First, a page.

Tuesday, March 6, 2012

Well, It's One Way to Get a Day Off

So tomorrow I return to the hospital to have yet another tumor removed, which I'm confident will  prove as benign as the others. I've been through this particular drill many times before. The constant interviews by a seemingly endless parade of techs, nurses, anesthetists -- allergic to latex? When did you eat last? What's your name? What are you having done today? ("My hair... a trim and a hot oil treatment.") Oh, I know it's all a matter of patient safety (working as I do with actual nurses) and being sure they're cutting into the right person to remove the right thing. But after a while cracks begin to appear in my usual Zen calm and I have to work a little to remain pleasant and not cop an attitude with someone who is, after all, only doing her job, a job she probably has to do a dozen times before lunch: one sick, nervous, cranky person after another.

In the main, I don't mind it all that much. I'm out while they do what they have to do, and if I'm lucky they calm me down with a little pre-op Valium drip. It's the post-op period that sucks. There's the pain and discomfort, but I get to lounge around on the sofa, recovering, watching trash TV and eating. My boss was kind enough to tell me to take an extra day to recuperate, which means a five-day weekend.

But this time around they're going to add a little something to the procedure: after the actual resection, they're going to administer some medicine which will hopefully slow down, if not prevent, the cancer from making another appearance. It's not chemo in the usual sense -- although strictly speaking since there are chemicals going into my system to treat the cancer, it is chemotherapy. Just not the really aggressive, nasty kind that would make me sick and make my hair start to fall out, so I'd wind up shaving my head and wearing those little pillbox-style, embroidered silk hats they sell in Tibetan gift shops. (Of course, any reason to shop for accessories...)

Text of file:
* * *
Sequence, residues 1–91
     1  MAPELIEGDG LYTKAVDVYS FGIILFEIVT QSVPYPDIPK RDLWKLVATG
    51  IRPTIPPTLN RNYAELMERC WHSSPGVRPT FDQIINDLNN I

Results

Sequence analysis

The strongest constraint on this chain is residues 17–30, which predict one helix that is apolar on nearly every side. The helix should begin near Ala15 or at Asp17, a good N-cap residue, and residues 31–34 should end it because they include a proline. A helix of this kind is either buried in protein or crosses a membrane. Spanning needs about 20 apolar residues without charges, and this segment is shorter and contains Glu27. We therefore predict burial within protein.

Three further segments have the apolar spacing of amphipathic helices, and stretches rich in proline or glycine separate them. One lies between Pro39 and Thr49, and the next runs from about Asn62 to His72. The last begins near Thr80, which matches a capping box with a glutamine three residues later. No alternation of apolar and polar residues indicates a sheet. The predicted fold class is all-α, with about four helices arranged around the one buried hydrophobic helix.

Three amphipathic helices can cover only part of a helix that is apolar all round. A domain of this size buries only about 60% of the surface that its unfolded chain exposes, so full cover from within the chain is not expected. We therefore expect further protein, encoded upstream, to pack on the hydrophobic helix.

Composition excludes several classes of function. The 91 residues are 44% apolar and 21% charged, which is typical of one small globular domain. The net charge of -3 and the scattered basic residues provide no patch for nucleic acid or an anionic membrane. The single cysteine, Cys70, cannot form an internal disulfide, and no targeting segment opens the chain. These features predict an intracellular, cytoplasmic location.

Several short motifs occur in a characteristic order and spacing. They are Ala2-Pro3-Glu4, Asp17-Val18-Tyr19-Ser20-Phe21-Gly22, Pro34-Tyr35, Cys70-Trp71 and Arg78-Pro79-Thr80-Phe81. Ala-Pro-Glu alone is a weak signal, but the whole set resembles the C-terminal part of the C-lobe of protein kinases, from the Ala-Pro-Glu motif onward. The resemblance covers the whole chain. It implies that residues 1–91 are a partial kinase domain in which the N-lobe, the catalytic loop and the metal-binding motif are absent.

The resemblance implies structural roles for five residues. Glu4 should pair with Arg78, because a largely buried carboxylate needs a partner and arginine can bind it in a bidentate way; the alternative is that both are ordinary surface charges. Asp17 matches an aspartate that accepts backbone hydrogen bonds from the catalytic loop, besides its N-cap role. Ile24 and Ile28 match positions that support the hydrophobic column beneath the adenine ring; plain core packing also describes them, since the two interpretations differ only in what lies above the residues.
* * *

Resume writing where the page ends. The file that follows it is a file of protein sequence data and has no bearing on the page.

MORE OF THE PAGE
Also this time around, I'm more acutely aware that what they're going after is cancer. I mean, the "C" word. Up to this point it hasn't had much of an impact, I guess because it's always been benign and very treatable.  A small "c" problem. But this time it's the capital "C", the version of the word that usually freaks people out.

Not that I'm freaked out, really. It's still very treatable, I'm getting the best treatment from one of Philadelphia's Top Docs, I will live to see another day and, in the end, que sera sera. As a friend of mine says. I guess this is just one of those moments when something suddenly strikes you as absolutely...real, and there's nothing you can do about it. No telling what will happen. This is to be taken seriously.

And yes -- (warning: cliche alert) -- it's important to stop and:
  • Count your blessings
  • Make the most of every day
  • Stay focused on the present
  • Get a grip on what's really important.
  • Remember that life's too short to be worried all the time.
But first, a few days on the couch, in my jammies, the cat nestled next to me. Maybe a pizza, an On-Demand Movie and --please God -- a "Dance Moms" marathon. That's what I call alternative medicine.

Wish me luck!

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